“Our Constitution is color-blind, and neither knows nor tolerates classes among citizens. In respect of civil rights, all citizens are equal before the law.”
Justice Harlan’s dissent in Plessy v. Ferguson
As a previous post articulated, civil rights protect individuals from discrimination by the government and other individuals. Almost two hundred years after the eradication of slavery in the United States, the fight for the civil rights of African Americans continues. Let us reflect briefly on how far the nation has come.
Abbreviated Timeline of the Civil Rights Movement
- Civil War and Reconstruction: The Civil War (1861-1865) broke out in response to a long history of tension between the Northern and Southern United States. This tension primarily centered on the economic and social system of slavery. During the war, President Abraham Lincoln issued the Emancipation Proclamation (1863), which freed all slaves in states in active rebellion against the Union. After the Confederacy lost the war in 1865, the North introduced a period of Reconstruction, which imposed tough political and economic sanctions on the Confederate states. As a prerequisite for their admission into the Union, Southern states were required to ratify the Civil War, or Reconstruction, amendments; the 13th Amendment prohibited all forms of slavery, the 14th Amendment gave full rights of citizenship to all individuals born or naturalized in the U.S., and the 15th Amendment enfranchised African Americans.
- Separate, but Equal: An embittered confederacy responded by establishing new social and political restrictions on African Americans. These restrictions came to be known as Jim Crow Laws, which instituted the legal segregation of schools, transportation, and other public facilities in the South. These laws grew in number and scope as the Southern states tried desperately to encumber the rights of blacks in their communities. The constitutionality of these laws was challenged in the courts. Plessy v. Ferguson (1896) tested the legality of Louisiana’s Separate Car Act of 1890, which segregated trains by law. The seven-to-one majority ruling in the case (one justice was absent due to a death in the family) declared that segregation was legal as long as it did not result in unequal treatment. This decision provided legal justification for segregation in the South.
- Separate is not Equal: In the aftermath of Plessy, the segregation of races increased in the South in areas of education, transportation, and public facilities. Blacks and whites attended different schools, utilized different public transportation, ate at different restaurants, and lived in different neighborhoods. Plessy made this segregation legal if the separate facilities were equal. However, this was almost always not the case; black facilities were underfunded and not equal to those of whites. Crucial court battles were fought in higher education, where the absence of black undergraduate and professional schools in the states was especially problematic (Sweatt v. Painter, 1950). Primary schools were also unequal. In Brown v. Board of Education of Topeka, Kansas (1954), this separation was declared inherently unequal, and in Brown v. Board of Education II (1955) states were encouraged to desegregate schools “with all deliberate speed.” However, some states were unwilling to put the rulings into practice. In some instances, the United States executive branch interceded to ensure that the states complied (i.e., the Little Rock Nine). Freedom Rides, Rosa Parks’ resistance, and bus boycotts were all part of the fight to desegregate public transportation and to draw attention to racial inequality in the South.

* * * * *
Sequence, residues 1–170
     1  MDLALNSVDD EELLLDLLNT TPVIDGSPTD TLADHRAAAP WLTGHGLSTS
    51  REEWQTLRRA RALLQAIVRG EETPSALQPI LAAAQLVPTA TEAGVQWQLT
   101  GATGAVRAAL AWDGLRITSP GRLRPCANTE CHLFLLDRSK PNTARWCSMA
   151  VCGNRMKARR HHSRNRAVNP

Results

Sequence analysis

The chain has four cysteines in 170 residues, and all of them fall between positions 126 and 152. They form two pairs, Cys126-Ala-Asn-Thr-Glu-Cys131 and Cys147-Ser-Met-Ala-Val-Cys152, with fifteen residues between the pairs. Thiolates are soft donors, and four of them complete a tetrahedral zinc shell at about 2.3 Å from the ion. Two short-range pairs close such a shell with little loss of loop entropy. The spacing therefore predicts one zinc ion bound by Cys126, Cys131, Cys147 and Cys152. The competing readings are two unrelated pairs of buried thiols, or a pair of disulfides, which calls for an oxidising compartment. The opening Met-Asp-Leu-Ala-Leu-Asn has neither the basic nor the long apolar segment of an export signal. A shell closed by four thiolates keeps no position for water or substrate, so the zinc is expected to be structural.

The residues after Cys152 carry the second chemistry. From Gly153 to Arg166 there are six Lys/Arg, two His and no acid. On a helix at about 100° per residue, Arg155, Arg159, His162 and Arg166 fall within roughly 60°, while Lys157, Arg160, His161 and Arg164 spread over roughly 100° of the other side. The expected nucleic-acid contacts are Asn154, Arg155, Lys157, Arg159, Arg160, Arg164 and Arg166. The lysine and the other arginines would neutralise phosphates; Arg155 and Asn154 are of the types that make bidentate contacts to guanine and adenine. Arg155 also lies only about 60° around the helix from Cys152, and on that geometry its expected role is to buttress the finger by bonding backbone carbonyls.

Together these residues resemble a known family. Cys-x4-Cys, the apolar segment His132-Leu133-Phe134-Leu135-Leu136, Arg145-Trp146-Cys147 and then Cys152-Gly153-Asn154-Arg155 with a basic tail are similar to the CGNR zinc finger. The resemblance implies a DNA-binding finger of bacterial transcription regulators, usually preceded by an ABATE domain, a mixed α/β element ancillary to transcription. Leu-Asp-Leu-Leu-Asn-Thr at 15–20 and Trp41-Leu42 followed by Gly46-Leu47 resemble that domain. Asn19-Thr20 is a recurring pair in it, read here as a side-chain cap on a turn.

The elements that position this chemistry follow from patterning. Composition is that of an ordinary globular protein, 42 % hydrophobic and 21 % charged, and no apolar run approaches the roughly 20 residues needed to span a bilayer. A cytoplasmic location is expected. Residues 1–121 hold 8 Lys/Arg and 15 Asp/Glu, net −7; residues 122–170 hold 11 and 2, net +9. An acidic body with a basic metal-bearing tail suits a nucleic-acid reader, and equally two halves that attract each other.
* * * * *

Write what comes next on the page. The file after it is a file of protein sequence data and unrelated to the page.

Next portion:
- Legislating Equal Protection: These court cases and movements were not enough, however, to ensure equal protection under the law. Without all government entities working together, progress was only piecemeal. Congress, with direction from President Lyndon B. Johnson, passed the Civil Rights Act of 1964, which guaranteed equal treatment and banned discrimination based on color, race, religion or national origin. Despite a substantial policy victory, the events in Selma, Alabama brought attention to the limitations on the voting rights of African Americans and continuing racism in the South. After “Bloody Sunday”, Congress quickly moved to pass the Voting Rights Act of 1965, which targeted restrictions on the qualifications for voting including poll taxes, literacy tests, and limits on voter registration
- Present Day: Today, the nation wrestles with several civil rights issues. Affirmative action policies, aimed to promote equality for members of previously disadvantaged groups in society, are increasingly controversial. The tragic deaths of Trayvon Martin, Michael Brown, and others continue to spark outcries from communities across America. The uproar around the brutal treatment of Martese Johnson by police on the University of Virginia campus provide a recent example of the racial tensions that currently exist in the United States.
Certainly, we have come far as a nation in ensuring civil rights (equal protection) to all citizens, but we are not there yet. Progress has been made when the government and the people join forces to make lasting change. Do you think racism still exists today? What do you think the country needs to do to move forward?
- Court Cases
- Selma to Montgomery March
- Montgomery Bus Boycott (Video)
- Little Rock Nine (Video)
- Rosa Parks (Video)
- Freedom Rides
- Freedom Riders (the movie)
- Selma (the movie)
- Stuff You Missed in History Podcasts:
- Uproar after black UVA student injured during arrest